Did you know the dog holding the jail keys in Pirates of the Caribbean is molded after Walt’s beloved dog? It’s true. 

Hidden Mickey has become a phenomenon among Disney fans and the Walt Disney Imagineers who design the theme parks. What is it? A silhouette of our favorite mouse ears hidden around the parks. Some are obvious, while others are very well disguised. Need a hint? Look at carpet patterns, rocks in walls, the hieroglyphics on Indiana Ana Jones ride, etc. You’ll find Hidden Mickeys everywhere. 

One of the rarest finds sits atop the Big Ben Clock inside Peter Pan’s Flight in Fantasyland. It’s unique because it includes Mickey’s full silhouette as opposed to just his ears. Happy hunting. 

You can steer the Mark Twain, it’ true! However, it takes a bit of finesse. Here’s what to do: Right before you board, find a cast member and (very nicely) ask them if you can visit the wheelhouse. If the stars and moon align, they’ll direct you to the second floor to a door marked PRIVATE. Knock. The captain will answer. Then with an adorable smile on your face, politely ask the captain if you can drive/steer/take the helm. If luck is on your side, he will guide you up a ladder to the wheelhouse. This is where the magic happens. You can actually take the wheel. If you’re fortunate, they may teach you how to blow Mark Twain’s whistle and ring the bell. 

At the end of your journey, you’ll sign a special guest book which contains names of those who took the helm before you as an honorary captain. The book dates back to the mid-1950s (when Mark Twain was dedicated). Your exciting journey is recorded forever!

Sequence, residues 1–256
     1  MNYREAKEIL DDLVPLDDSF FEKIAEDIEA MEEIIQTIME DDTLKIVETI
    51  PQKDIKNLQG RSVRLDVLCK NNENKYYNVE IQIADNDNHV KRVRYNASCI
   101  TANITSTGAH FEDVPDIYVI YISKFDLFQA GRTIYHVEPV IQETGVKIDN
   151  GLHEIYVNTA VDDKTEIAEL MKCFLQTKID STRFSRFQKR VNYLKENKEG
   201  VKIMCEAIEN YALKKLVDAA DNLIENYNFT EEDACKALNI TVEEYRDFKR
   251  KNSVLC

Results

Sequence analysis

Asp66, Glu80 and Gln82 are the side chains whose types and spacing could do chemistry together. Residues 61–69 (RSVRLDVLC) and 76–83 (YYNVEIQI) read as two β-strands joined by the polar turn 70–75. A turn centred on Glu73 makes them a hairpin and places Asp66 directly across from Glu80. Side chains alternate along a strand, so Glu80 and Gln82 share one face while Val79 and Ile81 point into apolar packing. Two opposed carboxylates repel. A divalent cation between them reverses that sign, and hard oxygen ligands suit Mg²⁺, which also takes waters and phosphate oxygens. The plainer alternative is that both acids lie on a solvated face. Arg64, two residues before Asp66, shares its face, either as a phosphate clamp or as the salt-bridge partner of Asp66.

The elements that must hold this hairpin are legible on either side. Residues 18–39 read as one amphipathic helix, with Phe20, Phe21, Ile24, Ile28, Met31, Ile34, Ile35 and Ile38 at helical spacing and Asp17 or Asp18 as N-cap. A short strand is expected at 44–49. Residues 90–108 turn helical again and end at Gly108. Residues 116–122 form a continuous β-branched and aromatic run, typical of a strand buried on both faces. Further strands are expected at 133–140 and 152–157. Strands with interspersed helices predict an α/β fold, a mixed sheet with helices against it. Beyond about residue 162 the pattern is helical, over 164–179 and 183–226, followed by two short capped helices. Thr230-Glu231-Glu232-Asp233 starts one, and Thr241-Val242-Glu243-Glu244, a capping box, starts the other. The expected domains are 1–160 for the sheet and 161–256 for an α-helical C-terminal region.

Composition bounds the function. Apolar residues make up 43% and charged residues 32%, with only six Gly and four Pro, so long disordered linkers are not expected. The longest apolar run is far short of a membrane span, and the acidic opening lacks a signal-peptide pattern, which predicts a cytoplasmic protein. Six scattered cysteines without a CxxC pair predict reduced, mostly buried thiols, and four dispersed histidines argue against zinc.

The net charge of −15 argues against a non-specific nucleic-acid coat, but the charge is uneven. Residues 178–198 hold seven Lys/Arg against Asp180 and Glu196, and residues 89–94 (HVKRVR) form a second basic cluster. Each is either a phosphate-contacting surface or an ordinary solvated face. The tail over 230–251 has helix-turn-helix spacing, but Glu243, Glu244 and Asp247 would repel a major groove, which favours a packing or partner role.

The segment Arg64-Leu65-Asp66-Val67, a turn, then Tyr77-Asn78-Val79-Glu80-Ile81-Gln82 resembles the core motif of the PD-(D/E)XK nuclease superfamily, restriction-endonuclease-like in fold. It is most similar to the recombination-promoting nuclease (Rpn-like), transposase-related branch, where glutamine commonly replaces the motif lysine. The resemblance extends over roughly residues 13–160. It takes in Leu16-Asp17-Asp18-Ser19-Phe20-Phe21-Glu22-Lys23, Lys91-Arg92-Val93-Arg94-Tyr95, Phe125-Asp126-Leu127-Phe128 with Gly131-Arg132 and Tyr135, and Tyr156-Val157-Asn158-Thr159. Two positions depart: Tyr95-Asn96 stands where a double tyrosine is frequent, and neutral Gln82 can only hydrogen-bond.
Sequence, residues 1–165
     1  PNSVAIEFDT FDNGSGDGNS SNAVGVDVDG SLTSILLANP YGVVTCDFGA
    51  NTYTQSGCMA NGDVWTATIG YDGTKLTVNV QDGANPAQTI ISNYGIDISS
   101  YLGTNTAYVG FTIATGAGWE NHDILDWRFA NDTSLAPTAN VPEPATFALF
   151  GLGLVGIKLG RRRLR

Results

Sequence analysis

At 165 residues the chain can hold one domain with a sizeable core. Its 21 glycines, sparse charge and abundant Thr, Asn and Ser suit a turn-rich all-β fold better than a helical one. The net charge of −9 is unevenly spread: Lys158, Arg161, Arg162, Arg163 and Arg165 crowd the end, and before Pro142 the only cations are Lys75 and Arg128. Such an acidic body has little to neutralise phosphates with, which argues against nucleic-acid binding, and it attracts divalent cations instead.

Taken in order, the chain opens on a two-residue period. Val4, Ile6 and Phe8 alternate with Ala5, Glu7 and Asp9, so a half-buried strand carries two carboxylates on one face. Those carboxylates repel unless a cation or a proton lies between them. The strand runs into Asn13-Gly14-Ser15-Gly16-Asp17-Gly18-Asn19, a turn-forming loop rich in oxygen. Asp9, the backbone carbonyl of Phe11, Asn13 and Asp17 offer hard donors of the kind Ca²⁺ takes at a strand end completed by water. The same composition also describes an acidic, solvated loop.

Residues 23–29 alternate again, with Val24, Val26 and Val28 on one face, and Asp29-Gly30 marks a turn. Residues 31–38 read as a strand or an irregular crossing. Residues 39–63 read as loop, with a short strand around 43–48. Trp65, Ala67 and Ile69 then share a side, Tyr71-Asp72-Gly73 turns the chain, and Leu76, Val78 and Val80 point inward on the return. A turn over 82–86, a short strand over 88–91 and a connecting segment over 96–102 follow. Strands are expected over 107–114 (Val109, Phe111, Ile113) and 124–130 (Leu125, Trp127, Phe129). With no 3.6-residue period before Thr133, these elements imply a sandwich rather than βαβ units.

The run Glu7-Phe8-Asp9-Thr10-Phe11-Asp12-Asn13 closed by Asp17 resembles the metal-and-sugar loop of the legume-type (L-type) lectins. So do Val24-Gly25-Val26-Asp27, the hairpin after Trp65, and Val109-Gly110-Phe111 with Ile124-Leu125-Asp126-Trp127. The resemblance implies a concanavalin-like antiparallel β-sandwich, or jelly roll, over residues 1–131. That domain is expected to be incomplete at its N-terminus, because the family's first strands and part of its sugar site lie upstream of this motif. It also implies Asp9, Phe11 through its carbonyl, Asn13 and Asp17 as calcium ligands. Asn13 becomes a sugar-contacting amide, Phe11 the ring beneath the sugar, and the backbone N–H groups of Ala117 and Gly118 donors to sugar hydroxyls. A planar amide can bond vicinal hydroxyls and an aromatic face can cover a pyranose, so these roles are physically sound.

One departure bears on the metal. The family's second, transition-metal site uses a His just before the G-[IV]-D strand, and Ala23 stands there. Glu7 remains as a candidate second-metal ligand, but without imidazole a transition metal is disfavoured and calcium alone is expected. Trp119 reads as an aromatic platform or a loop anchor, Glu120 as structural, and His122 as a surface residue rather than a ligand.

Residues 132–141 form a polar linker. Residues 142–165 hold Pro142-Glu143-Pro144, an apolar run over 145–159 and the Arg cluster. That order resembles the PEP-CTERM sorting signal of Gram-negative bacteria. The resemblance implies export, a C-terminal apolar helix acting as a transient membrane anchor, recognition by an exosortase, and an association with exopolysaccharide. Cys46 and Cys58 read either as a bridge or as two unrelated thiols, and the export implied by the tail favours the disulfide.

Did you know the original Tomorrowland was created to represent 1986? Did it become Yesterdayland in 1987? 

Open since 1959; the Matterhorn Bobsleds takes guests on a thrilling adventure through a snowy peak modeled after the landmark in the Alps. However, the Matterhorn holds a secret! There is an actual basketball court (half court) located inside. The basketball hoop, complete with backboard and net, was installed in an attic-like space about two-thirds of the way up the mountain. Climbers and Cast Members used the basketball court and staging area to prepare for scheduled climbs or to pass the time when there was inclement weather. 

Stop by the New Orleans Square Train Station, and you’ll hear a mysterious Morse Code message being clacked out from the telegraph office next door. The message is a portion of Walt Disney’s original dedication speech that he delivered on opening day. It reads: “To all who come to Disneyland, welcome. Here age relives fond memories of the past, and here youth may savor the challenge and promise of the future.”

In 2008, Disneyland honored the legendary Julie Andrews with the dedication of a carousel horse, which you can find on King Arthur’s Carousel located in Fantasyland. The horse named “Jingles,” is a replica of the horse she rode in the iconic Mary Poppins movie. Her horse is adorned with bells, umbrellas, and even a silhouette of the world-famous nanny herself.